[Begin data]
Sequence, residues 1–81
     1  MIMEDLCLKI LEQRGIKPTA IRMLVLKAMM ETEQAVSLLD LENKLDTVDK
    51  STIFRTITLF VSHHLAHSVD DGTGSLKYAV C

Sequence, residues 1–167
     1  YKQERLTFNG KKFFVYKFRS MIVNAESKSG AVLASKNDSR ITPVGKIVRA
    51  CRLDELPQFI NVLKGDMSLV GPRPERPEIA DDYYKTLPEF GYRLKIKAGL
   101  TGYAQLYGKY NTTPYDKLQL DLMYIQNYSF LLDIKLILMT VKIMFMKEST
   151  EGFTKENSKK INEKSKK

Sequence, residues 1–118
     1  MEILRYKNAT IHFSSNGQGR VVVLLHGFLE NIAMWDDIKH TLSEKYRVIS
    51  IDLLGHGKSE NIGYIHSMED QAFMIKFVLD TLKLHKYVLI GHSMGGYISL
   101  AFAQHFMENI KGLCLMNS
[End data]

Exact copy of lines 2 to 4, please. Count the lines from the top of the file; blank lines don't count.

     1  MIMEDLCLKI LEQRGIKPTA IRMLVLKAMM ETEQAVSLLD LENKLDTVDK
    51  STIFRTITLF VSHHLAHSVD DGTGSLKYAV C

Sequence, residues 1–167